Gulf of Guinea Piracy: Open Ocean Ambush Seen As “Game Changer”

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August 11, 2014

An open ocean attack on a product tanker in Gulf of Guinea reminiscent of Somali piracy could represent a significant change for pirates operating off the coast of West Africa, maritime intelligence firm Dryad Maritime warns.

Early on Saturday morning, August 9, a product tanker transiting south approximately 200 miles off the coast of Nigeria detected a pirate mother ship close to its track, before coming under fire by pirates aboard three boats. The attack was repelled by the tanker’s crew, but the range at which this attack took place and tactics employed are more commonly associated with Somali piracy methods than those seen in the Gulf of Guinea, Dryad says.

“The attempted boarding of a vessel underway, especially at night and this far out in open seas, is a tactic more usually associated with highly motivated Somali pirates, and only then on a small number of occasions,” said Ian Millen, Chief Operating Officer of Dryad Maritime. “Whilst we have seen similar attacks on vessels off the Niger Delta up to 160 nautical miles out, these have been crew kidnap incidents. It is unusual to see an attempted hijack of an underway tanker at such ranges from the shore and the numbers of craft involved suggest that this was an attempt at cargo theft. This could be a real game changer for this specific type of crime if repeated; one that would match the strategic shock earlier in the year when a tanker, MT Kerala, was snatched from an anchorage off Angola”.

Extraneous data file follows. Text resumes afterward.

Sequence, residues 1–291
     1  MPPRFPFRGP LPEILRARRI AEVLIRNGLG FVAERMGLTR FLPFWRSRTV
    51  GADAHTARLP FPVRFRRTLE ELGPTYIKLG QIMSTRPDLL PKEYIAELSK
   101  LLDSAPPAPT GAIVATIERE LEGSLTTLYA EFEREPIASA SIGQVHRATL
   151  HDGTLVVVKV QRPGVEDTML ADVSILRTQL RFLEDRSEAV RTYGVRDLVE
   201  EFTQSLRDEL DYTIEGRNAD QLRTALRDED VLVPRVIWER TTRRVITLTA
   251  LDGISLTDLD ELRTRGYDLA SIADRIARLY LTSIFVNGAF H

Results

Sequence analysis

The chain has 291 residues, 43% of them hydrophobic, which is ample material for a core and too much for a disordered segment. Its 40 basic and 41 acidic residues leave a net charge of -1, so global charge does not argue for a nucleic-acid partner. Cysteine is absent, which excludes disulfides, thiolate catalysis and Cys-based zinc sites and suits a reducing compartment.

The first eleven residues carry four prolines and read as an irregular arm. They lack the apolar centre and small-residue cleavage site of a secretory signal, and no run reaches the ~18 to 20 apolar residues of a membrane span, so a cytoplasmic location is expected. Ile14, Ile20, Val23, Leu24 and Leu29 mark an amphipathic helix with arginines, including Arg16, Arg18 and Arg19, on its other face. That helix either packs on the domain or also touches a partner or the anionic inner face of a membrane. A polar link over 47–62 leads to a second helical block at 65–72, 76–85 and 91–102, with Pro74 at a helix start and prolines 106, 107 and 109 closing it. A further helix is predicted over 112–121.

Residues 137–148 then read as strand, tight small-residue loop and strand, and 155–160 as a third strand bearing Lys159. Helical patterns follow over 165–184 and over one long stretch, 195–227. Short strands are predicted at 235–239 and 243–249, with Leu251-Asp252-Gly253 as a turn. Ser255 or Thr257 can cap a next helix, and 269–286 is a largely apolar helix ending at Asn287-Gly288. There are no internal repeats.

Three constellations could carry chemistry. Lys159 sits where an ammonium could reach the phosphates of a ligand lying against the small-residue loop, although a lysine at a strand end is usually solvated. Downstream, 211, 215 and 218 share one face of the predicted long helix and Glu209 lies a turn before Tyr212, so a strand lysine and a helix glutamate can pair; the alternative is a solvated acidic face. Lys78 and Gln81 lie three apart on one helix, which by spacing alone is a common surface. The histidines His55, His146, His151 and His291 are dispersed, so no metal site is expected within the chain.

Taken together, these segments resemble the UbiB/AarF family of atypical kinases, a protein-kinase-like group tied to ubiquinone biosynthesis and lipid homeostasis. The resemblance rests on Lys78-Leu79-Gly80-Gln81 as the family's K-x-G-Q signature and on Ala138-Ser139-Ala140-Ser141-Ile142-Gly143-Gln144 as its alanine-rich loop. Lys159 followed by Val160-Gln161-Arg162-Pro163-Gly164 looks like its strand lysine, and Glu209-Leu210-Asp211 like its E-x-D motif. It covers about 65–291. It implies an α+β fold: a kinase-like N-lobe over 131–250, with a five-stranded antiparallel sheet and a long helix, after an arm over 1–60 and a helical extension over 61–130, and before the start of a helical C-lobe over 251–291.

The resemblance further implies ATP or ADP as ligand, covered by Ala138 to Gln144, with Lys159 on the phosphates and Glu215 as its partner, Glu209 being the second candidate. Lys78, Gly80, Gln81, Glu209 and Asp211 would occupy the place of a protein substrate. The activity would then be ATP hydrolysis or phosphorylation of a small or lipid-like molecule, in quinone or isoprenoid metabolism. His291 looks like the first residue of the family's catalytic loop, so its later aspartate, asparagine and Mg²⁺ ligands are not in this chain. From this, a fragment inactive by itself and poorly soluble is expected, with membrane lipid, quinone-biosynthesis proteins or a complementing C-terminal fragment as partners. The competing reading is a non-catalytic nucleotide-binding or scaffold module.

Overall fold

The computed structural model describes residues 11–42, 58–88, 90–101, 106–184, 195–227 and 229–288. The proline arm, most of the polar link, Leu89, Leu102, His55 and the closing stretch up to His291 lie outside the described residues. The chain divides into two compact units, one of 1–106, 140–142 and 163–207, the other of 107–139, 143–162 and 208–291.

Dryad’s analysts predict that the incident could signal a step change in terms of both pirate capability and tactics and a development that regional forces would be unlikely to be able to deal with.

Ian adds: “It would be easy to characterise this event as just another statistic in the story of Gulf of Guinea maritime crime, but to do so would be missing one very significant point – the open ocean nature of what looks like an intelligence-led operation. The victim vessel was in transit between a Gulf of Guinea port and a destination further south. If the departure and destination ports were known, and the mother ship had a suitable equipment fit, it is possible that the pirates could sit along the likely route and intercept the vessel whilst underway. With the amount of data shared on maritime movements, it is even conceivable that the ship’s passage plan could have fallen into the wrong hands, making this an even simpler criminal mission”.

As a result of the attack, Dryad says it has issued an immediate advisory to ship operators transiting the area. Dryad added that while the vessel in this instance was well prepared in implementing its anti-piracy drills, the whereabouts of the criminals, skiffs and mother ship are unknown.

Dryad’s full analysis of the attack can be found HERE.

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